Appeal from a judgment and an order of the Circuit Court for Dane County: Moria Krueger, Judge.
Gartzke, P.j., Dean, J. and Dykman, J.
The opinion of the court was delivered by: Dykman
Defendant appeals from a judgment of conviction for first-degree sexual assault, contrary to sec. 940.225(1) (d), Stats., *fn1 and from the order denying his post-conviction motions. *fn2 He contends that the trial court erred by allowing the four-year-old victim to testify at the preliminary hearing and at trial, by conducting voir dire of the victim before the jury, and by refusing to instruct the jury on lesser included offenses of child abuse and battery. He also contends that sec. 940.225 is unconstitutional as applied to this case. We affirm because we conclude that the trial court did not err and that sec. 940.225 is constitutional.
Defendant and his wife were baby-sitting for A.B., the victim, who was three years old at the time. While defendant and A.B. were in defendant's car, defendant questioned A.B. about an earlier biting incident between A.B. and defendant's daughter. A.B. refused to answer defendant's questions. Defendant stated that he was tired and frustrated and grabbed A.B. in the groin area and threw him down on the car seat. Defendant then hit A.B. with the back of his hand in the face and at the waistline.
A.B. testified at both the preliminary examination and at the trial. He stated that defendant "pinched his peewee" and hit him. Defendant objected to A.B.'s competency to testify at the preliminary hearing but did not raise that objection at trial.
A.B.'s mother testified that A.B. seemed nervous and upset when she picked him up on the day of the incident. She noticed a large bruise on his forehead and questioned him about it. A.B. told his mother that defendant pinched and twisted his penis and hit him several times. She noticed that A.B.'s penis was badly swollen, bruised and bent. This testimony was corroborated by Detective Koecke at the preliminary examination and by Koecke, social worker Sharon Martin and Dr. Laura Anderson at trial. Pictures of A.B.'s injuries were shown to the jury.
The trial court denied defendant's request to instruct the jury on the lesser included offenses of child abuse under sec. 940.201, Stats., and battery under sec. 940.19(1). *fn3 The jury found defendant guilty. The trial court denied defendant's post-conviction motions concerning A.B.'s competency to testify, the court's refusal to submit lesser included offenses to the jury and the constitutionality of sec. 940.225. The court sentenced defendant to four years' probation with four months' jail time as a condition of probation.
Defendant, who is represented by new counsel on appeal, did not object to A.B.'s competency to testify at trial. *fn4 An objection to a witness' competency to testify must be made before the witness is allowed to testify or it is waived. Love v. State, 64 Wis. 2d 432, 438-39, 219 N.W.2d 294, 297-98 (1974). We therefore will not address this issue.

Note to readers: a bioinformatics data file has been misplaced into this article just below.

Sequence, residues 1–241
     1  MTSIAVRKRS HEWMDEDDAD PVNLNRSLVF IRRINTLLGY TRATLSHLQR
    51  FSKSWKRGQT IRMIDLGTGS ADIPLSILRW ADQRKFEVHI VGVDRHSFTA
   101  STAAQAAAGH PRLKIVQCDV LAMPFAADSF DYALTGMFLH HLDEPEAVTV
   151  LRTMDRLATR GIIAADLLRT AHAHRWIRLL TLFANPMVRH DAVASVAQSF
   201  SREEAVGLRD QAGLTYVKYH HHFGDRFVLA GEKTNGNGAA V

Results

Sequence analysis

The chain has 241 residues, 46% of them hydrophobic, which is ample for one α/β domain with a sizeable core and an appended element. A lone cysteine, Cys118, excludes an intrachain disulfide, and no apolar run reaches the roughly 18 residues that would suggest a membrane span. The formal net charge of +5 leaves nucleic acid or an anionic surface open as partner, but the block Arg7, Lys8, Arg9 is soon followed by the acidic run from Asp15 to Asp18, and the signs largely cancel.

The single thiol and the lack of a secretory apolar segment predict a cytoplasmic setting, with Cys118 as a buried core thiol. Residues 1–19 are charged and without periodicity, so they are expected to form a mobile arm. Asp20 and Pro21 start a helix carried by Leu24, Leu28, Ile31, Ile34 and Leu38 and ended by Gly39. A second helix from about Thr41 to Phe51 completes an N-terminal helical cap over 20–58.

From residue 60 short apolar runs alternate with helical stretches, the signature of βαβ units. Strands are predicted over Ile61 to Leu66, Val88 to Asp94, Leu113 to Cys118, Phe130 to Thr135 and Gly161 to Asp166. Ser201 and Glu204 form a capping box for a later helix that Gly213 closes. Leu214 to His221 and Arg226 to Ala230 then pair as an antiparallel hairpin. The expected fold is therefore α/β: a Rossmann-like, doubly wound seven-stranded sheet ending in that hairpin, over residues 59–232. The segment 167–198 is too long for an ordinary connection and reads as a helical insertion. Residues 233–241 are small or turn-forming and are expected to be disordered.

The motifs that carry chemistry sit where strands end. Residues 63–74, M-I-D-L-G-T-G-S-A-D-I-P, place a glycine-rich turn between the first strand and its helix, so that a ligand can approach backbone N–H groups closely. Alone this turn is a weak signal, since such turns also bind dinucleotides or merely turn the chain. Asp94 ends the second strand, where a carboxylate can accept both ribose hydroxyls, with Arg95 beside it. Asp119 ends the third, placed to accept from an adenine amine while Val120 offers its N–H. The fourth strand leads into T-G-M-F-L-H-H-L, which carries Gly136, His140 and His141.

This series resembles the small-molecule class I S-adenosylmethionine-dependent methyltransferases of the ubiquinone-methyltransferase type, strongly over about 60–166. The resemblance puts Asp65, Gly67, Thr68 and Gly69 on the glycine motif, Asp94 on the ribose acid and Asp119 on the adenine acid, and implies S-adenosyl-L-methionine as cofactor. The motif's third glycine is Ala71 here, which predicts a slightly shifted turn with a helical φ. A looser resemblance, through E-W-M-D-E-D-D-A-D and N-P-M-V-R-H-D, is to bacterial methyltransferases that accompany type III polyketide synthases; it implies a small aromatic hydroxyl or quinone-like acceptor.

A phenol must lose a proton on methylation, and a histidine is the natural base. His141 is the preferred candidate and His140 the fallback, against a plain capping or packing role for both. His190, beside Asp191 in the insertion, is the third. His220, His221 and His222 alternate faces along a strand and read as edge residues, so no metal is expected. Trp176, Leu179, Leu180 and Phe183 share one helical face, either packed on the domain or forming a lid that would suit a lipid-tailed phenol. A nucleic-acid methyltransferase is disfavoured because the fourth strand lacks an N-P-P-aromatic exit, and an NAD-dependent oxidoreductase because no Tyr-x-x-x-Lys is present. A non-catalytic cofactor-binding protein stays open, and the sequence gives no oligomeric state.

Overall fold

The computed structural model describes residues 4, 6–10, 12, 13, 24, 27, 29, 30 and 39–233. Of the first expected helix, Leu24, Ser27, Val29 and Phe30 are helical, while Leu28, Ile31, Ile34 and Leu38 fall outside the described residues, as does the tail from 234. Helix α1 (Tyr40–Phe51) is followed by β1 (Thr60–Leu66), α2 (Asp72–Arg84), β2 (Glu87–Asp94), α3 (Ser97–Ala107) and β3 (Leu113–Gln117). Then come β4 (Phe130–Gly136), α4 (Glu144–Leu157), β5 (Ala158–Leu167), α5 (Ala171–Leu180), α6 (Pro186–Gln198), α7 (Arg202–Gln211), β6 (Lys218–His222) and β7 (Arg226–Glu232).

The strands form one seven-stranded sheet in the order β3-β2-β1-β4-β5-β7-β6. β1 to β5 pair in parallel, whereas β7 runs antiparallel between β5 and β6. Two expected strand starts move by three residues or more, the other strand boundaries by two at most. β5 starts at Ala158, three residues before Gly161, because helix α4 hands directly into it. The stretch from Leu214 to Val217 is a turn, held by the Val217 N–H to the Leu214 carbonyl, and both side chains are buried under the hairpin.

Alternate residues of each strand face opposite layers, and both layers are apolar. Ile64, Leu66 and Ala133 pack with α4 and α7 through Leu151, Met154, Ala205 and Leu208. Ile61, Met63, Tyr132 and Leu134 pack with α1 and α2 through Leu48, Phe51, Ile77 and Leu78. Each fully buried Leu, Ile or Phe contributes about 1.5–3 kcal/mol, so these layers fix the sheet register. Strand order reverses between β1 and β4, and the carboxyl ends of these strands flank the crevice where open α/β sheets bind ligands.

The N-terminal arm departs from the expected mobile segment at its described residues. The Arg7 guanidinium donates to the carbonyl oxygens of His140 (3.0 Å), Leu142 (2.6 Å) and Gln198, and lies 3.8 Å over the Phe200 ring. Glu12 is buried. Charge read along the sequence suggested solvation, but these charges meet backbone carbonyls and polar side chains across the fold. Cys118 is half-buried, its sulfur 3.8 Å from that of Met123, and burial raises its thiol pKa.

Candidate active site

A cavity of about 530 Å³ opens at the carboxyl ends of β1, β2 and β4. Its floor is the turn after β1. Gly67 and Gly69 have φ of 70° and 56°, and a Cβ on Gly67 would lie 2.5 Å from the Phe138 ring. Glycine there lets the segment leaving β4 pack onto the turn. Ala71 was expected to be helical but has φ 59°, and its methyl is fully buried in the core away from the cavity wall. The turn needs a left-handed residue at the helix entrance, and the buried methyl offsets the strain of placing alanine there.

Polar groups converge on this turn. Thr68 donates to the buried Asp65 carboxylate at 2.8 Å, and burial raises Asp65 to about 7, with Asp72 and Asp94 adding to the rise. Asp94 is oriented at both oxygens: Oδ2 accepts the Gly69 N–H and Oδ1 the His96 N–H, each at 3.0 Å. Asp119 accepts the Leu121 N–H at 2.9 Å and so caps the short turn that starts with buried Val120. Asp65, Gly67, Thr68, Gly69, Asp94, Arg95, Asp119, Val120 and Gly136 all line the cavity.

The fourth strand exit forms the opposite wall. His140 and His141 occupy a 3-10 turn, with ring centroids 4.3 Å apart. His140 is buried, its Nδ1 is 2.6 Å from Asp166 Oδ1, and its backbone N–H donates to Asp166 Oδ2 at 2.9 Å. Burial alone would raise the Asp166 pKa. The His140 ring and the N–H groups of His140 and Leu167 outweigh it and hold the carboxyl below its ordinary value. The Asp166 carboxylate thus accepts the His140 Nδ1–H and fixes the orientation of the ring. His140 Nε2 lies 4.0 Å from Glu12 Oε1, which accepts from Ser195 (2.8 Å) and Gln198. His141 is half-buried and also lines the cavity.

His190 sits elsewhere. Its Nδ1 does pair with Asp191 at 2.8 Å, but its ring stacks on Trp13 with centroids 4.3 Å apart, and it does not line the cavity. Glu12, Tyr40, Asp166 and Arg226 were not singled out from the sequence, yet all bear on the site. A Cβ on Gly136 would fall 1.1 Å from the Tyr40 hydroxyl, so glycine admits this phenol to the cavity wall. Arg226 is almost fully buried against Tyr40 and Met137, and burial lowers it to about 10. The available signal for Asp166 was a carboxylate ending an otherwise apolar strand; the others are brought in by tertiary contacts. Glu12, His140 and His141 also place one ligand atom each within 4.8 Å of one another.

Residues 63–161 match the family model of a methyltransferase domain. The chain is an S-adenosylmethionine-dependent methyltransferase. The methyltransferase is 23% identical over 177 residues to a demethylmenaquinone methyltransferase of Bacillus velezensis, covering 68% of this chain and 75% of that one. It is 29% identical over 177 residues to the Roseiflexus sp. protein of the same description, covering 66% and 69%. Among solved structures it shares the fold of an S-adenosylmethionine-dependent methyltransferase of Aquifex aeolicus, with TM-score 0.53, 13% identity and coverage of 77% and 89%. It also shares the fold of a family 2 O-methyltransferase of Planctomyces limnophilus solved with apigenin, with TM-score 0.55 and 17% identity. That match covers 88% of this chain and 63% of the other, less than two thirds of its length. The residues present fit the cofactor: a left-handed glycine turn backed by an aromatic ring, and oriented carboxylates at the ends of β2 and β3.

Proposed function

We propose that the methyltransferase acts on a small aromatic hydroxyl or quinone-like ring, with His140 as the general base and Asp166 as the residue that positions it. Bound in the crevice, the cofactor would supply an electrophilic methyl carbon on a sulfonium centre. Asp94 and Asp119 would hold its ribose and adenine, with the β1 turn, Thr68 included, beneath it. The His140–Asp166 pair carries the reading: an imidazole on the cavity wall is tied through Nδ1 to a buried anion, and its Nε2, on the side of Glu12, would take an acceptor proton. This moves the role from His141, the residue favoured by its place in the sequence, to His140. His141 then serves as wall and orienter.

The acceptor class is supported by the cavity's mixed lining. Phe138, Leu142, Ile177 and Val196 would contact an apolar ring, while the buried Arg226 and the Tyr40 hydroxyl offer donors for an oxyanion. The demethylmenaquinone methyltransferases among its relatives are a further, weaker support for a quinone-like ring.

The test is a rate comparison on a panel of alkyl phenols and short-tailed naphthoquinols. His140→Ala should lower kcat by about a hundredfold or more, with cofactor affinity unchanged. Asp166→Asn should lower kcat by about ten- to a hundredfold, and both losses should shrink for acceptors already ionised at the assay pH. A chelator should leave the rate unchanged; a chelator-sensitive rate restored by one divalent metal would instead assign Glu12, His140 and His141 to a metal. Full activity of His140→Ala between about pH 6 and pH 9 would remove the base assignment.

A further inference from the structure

Defendant did object to A.B.'s competency to testify at the preliminary examination. At a preliminary examination, the magistrate determines the plausibility of the witness's story, not the general trustworthiness of the witness. Wilson v. State, 59 Wis. 2d 269, 294, 208 N.W.2d 134, 148 (1973). The trial court allowed A.B. to testify at the preliminary examination over defendant's objection that it would determine after the testimony was given whether A.B. was competent. The determination concerning the competency of a witness is discretionary and will not be disturbed on appeal except for a clear abuse of discretion. State v. Davis, 66 Wis. 2d 636, 645-46, 225 N.W.2d 505, 509 (1975).
Section 906.01, Stats., provides that every person is competent to be a witness with a few noted exceptions which do not apply to this case. The Judicial Council Committee's Note concerning sec. 906.01 states:
Adoption of s. 906.01 necessitates repeal of s. 885.30, and withdrawal of the case law thus removing from judicial determination the question of competency and admissibility; judicial determination of sufficiency and the jury assessment of the weight and credibility survive. The effect of the change is to shift the opponent's emphasis from a voir dire attack on competency to a cross-examination and introduction of refuting evidence as to weight and credibility.
In Davis, the court addressed the question of an eight-year-old girl's competency to testify at trial. The court stated that under the current Wisconsin evidence rules every witness is competent to testify (with a few exceptions) and "all former competency issues are now issues of credibility ...